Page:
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The Suburbanite
  • Postcard from Paris Twp.: History on red brick road



  • Baywood Street SE is one of the longest stretches of brick road remaining from the original Lincoln Highway — the longest in Ohio.

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  • Just southeast of Robertsville in Paris Township, motorists can travel a couple of miles back into history.
    Baywood Street SE is one of the longest stretches of brick road remaining from the original Lincoln Highway — the longest in Ohio.
    “There is one that’s longer in Nebraska,” said Jim Cassler, owner of Klingstedt Bros. printing company and the chairman for this year’s Lincoln Highway Association annual conference, which will be in Canton from June 18-20. “It’s probably more than 10 miles.”
    Baywood, which runs south of current U.S. Route 30 from Robertsville to Paris Avenue SE, also has some of the original post and cable guardrail, Cassler noted.
    The brick road totals about 2.5 miles and it’s one of only four locations in Ohio where the bricks of sections of the old Lincoln are exposed. One section of less than 200 feet is east of Wooster in Wayne County; another section of about 260 feet is east of Upper Sandusky in Wyandot County.
    Interestingly, the fourth Ohio vestige of the brick Lincoln Highway is only a few miles from Baywood — a half-mile section of Cindell Street SE in Osnaburg Township.
    In the winter 2007-2008 edition of “The Lincoln Highway Forum,” an article by Michael Buettner, then president of the Ohio Lincoln Highway League, worried over “The Imperiled Cindell Street.” Both that short segment and the longer Baywood section long have been looked at by those wishing to pave them.
    An article by Cassler in the fall 2008 edition of The Lincoln Highway Forum, however, reported that an informational meeting caused trustees in both Paris and Osnaburg townships to see the historical nature of the roads in their jurisdiction. Efforts are under way, Cassler said, to try to preserve them.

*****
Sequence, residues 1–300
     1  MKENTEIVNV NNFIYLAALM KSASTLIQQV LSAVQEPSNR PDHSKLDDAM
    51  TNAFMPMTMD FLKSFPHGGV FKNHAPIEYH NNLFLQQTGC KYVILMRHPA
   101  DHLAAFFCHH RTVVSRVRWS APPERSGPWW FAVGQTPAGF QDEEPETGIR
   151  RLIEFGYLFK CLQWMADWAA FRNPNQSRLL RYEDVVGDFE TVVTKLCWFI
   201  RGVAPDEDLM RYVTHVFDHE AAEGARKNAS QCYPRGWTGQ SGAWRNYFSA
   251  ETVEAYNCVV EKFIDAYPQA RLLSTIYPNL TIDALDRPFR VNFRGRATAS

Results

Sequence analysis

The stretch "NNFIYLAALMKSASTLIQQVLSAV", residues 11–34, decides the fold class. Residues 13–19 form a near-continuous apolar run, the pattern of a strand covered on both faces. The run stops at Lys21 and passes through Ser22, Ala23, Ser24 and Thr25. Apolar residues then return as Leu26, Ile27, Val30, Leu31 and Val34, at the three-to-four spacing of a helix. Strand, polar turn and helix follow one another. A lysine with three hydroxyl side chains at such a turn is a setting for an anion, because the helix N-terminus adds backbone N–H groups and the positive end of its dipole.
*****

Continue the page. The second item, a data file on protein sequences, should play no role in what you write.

But small sections of Baywood already were paved or patched with asphalt. The seasons have worn away that paving, leaving potholes that are essentially brick at their bottoms. It’s not an easy ride.
    “I wish they’d take the asphalt off and just leave the brick,” said Antoinette Forester, a longtime resident of the road marked by “Historic Byway” signs. “I’ve lived here since I was 25, which would be about 60 years.”
    Bricks on Baywood are spaced greater distances apart than motorists might expect of a paved surface. This narrow brick road once was narrower still, it seems.
    “It has been widened by taking the bricks up, spacing them farther apart and relaying them,” explained Cassler. “Then they filled in between them.”
    That modification occurred decades ago, he said.
    Currently, the Baywood spur of old Lincoln Highway branching off current Route 30 winds through hills in mostly rural countryside. Bricks are uneven in some spots, but most difficult to travel only where paving has been applied.
    Page 2 of 2 - The road can only be seen by those who live on it or visit a residence there. Still, many in the area know exactly where the brick road is located.
    “People ask me where I live and I say Baywood,” explains Forester. “They ask, ‘Where’s that?’ I tell them it’s the red brick road — not the yellow brick road — and they say, ‘Oh, yeah.’ They know exactly where the brick road is.”